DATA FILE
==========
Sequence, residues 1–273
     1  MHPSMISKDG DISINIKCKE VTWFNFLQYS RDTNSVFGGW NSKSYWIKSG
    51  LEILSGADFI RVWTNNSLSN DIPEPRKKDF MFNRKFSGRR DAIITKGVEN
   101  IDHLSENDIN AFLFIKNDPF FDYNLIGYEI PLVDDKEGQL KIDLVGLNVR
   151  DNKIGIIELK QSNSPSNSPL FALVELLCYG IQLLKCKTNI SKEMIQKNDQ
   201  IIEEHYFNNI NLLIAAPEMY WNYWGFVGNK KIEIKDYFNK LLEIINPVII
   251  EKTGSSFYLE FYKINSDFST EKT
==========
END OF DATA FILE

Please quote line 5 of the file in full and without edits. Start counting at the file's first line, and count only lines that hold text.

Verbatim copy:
   151  DNKIGIIELK QSNSPSNSPL FALVELLCYG IQLLKCKTNI SKEMIQKNDQ